Kansas City Economy Struggling, Economic Growth Stimulus in Place

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Kansas City Economy Struggling, Economic Growth Stimulus in Place

Economic hardship is a common and debilitating issues across America right now. With the changing political climate, a trade war well underway, and the clear shift toward technology industries over industrial and agricultural work, places like Kansas have found themselves at a crossroads.

While fluctuations in the economy are a normal trend, this still can have a significant impact on citizens who are struggling to pay bills or find work. Unfortunately for Kansas, this is the predicament they have found themselves in, but there is hope for the state and its residents.

Kansas’s Economic Struggles

Economic issues have been plaguing the state of Kansas in recent years. According to Kansas State Governor Sam Brownback, Kansas is in the midst of a rural recession due to low agriculture, gas, and oil prices. In addition to the states suffering economic output, the unemployment rate is also causing worry for lawmakers. In fact, Gov. Brownback’s re-election campaign promised job growth of 25,000 per year, and yet employment only grew by just over 8,000 from 2015 to 2017.

These economic factors have caused a deficit in the local budget which lawmakers have struggled to balance. In fact, the budget was so unbalanced that it led to local government officials voting in favor of a six-year tax increase statewide, a wildly unpopular move by any governing party, in any economic climate. This increase was imposed in the hope that it will be able to cover the deficit over the six-years that it takes place, but the tax increase alone won’t be enough. Other measures have been taken in order to get the economy moving in the right direction.

Getting the Economy Back on Track

Kansas State has a plan in place that it believes will level out the economy, turning it in the direction of stability and hopefully even growth. The plan has been a long-term effort, starting with tax-cuts which were instated in 2012 in the hope of stimulating the economy by increasing lending from financial institutions and consumer spending.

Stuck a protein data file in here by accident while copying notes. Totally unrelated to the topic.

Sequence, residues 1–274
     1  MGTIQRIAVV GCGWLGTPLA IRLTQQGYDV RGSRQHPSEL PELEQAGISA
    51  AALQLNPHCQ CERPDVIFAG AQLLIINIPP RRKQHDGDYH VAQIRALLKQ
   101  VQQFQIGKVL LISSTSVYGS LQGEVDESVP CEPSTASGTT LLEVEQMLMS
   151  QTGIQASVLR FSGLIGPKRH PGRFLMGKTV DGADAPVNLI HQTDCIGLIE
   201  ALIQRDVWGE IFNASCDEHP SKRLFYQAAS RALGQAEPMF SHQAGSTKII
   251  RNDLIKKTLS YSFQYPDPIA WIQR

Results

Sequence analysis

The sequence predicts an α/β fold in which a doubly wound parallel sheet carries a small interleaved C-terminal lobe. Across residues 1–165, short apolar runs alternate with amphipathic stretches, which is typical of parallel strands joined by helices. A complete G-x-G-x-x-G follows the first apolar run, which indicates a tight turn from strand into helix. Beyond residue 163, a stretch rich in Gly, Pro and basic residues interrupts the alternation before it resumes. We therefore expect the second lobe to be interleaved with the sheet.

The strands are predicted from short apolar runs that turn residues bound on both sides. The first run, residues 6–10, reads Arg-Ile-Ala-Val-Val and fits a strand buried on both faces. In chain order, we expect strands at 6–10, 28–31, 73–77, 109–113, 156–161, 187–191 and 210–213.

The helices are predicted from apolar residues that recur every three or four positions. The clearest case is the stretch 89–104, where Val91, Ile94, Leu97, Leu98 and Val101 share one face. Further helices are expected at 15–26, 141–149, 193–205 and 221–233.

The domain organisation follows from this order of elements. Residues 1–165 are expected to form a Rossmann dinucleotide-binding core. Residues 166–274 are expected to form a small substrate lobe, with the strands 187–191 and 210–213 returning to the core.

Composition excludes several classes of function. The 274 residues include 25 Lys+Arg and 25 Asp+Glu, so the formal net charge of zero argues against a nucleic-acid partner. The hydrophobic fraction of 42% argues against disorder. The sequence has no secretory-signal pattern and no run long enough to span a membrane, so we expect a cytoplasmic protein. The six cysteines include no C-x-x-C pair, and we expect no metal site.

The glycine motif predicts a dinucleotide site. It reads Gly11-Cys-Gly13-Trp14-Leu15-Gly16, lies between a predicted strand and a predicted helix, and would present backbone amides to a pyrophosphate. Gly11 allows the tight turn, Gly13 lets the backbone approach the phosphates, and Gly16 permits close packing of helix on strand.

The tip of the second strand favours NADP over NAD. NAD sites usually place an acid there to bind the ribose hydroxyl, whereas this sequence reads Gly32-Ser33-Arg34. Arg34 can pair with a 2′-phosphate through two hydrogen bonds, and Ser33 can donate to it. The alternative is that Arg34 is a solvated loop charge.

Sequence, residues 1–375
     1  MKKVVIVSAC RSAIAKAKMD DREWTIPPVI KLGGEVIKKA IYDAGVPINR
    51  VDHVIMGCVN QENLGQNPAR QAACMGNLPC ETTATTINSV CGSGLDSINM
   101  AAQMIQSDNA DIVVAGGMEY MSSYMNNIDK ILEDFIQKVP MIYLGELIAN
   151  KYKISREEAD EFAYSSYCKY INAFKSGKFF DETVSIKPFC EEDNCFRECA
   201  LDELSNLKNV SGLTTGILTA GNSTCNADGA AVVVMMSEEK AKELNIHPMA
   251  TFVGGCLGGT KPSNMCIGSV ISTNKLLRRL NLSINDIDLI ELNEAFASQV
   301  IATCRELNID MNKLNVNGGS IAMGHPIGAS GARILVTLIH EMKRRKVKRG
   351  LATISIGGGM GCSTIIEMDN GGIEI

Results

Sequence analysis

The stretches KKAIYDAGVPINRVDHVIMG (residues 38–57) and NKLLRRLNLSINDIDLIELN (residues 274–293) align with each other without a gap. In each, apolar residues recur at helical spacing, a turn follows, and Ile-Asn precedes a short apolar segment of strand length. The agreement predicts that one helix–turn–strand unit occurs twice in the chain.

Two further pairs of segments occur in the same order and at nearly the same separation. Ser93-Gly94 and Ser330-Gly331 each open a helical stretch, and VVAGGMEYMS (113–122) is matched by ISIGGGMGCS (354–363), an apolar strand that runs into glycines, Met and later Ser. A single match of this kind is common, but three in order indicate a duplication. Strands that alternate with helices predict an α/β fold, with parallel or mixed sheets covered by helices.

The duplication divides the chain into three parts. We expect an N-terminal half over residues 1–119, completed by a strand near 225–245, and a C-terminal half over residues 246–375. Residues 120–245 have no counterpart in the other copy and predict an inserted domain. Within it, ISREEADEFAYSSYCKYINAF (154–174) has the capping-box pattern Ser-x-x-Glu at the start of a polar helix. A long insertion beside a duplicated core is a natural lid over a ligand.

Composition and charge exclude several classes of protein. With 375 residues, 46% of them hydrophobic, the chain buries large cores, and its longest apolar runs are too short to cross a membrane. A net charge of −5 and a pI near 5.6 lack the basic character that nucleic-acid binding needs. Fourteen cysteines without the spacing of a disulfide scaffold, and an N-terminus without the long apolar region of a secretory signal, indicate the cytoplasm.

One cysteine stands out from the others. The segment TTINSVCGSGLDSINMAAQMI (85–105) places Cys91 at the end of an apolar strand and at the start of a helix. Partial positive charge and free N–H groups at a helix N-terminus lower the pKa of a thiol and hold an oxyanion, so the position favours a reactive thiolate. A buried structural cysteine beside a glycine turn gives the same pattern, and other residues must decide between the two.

Next, in 2017 the local government passed legislation which allowed for an increase in interest rates on money the government borrows from the Fed- a term used to refer to the US Federal Reserve, which is a regulatory party for Federal Funds- a move that they hope will help balance out deficits in the State budget. Additionally, Kansas City has planned major projects planned which are bringing money back to the state in the form of construction, many of which are apartment complexes and will also bring money into the state by way of cost of living.Finally, the state has said that it has added up to 22,000 jobs in 2018, of which there was a noted increase in self-employment.

How Self-Employment Helps the Economy

Self-Employment is a major bonus to any city or state economy, because it adds jobs and increases Gross Domestic Product, which is a measure of Goods and Services produced by the state and is a major factor economist look at when calculating economic health. Self-employment ranges from freelance work, gig work, or even entrepreneurship.